This is not dynamic range per sé, but it is most certainly a part of the overall dynamic range of the music signal. The term 'dynamic range' usually refers to the very quietest up to the very loudest passages in a given piece of music. In some cases, there is no variation whatsoever - it starts loud, is loud in the middle, and (just to be different) finishes ... loud. The peak to average ratio may also be compressed, but it is difficult to reduce it to less than 10dB without it becoming flat and lifeless. If done incorrectly, it can simply become a jumbled mess with no intelligibility whatsoever (and no, I'm not going to take this to its logical conclusion and denounce various styles that may be classified as music to only a select few ).
Most speakers are rated for a continuous power and an instantaneous power - the voice coil and to a lesser degree the suspension can withstand short bursts at much higher powers without damage. This does not imply that such power will be reproduced cleanly, and it will almost certainly be with a large increase in speaker distortion. The peak power rating defines the maximum transient power the loudspeaker can handle without suffering electrical or mechanical (stress induced) damage.
Nearly all tweeters are rated to 'system power', and this will usually be quoted relative to a specific crossover frequency. A hypothetical tweeter may be rated at 100W system power when crossed over at 3,000Hz. The power that it can withstand is not 100W! Not at any frequency or for any duration. The actual bandwidth-limited long-term average power for most tweeters is around 10W, but many can't even handle that much without some distress.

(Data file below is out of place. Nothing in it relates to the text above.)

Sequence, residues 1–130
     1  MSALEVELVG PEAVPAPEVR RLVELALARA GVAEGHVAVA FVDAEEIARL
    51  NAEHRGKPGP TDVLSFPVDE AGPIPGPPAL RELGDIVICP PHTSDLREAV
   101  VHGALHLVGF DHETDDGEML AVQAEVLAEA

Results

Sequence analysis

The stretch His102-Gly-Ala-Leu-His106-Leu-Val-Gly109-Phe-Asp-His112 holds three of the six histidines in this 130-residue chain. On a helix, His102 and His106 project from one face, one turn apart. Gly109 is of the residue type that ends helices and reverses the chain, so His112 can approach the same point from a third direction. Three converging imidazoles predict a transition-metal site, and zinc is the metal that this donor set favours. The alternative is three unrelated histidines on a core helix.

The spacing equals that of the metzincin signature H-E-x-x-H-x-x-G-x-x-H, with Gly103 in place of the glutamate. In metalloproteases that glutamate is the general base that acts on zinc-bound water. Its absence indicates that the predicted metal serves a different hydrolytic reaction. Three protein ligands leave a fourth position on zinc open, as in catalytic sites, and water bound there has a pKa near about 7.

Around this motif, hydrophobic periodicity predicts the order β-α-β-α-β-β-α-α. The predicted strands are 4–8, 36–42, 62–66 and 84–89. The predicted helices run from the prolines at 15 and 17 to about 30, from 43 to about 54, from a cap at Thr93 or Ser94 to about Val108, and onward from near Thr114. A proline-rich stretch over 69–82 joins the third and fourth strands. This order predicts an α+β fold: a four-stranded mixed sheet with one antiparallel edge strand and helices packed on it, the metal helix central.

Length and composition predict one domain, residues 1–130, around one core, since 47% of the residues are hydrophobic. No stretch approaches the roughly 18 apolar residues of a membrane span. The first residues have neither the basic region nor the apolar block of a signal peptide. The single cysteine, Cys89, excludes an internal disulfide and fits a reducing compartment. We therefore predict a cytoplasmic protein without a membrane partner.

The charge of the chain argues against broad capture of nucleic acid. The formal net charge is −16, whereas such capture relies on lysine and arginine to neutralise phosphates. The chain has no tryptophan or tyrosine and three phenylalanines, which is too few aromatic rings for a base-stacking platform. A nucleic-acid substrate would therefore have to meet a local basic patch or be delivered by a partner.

Figure 1 - Power Distribution Chart
The above power distribution table is approximate (as must be the case), and applies for 'typical' music - whatever that may be. If we look at the case for a crossover frequency of 3kHz, we can see that 85% of the power is in the low frequency spectrum, and only 15% in the high frequencies above 3kHz. It is not difficult to deduce from this that the peak power to the tweeter will be in the order of 15W at full power from the amplifier, with the average hovering around 1.5 watts.
This is the way the system was designed to be used, and as long as the power amp does not clip, all is well (well, almost - read on).
When an amplifier is overdriven, the sound becomes distorted. This manifests itself in many ways, but the two we are interested in are the generation of harmonics, and the reduction of dynamic range - both the true dynamic range and the peak to average ratio. Let's assume that the amp is overdriven by a mere 3dB, so the average level is now 20W, and the peaks are clipping. With many systems (or listeners), this will be virtually inaudible. Careful listening will uncover the fact that there is distortion present, and there is a definite reduction of intelligibility.
The speakers - both tweeters and woofers, are now being asked to absorb twice the power that would be normally obtainable, and the power is more constant - the signal is compressed by the power amp. Add to this the additional harmonics generated by the clipping waveform, and the tweeter may actually be getting up to 3 times the continuous power that was available before clipping. Peak power remains the same, since it is limited by the amplifier's power supply voltage.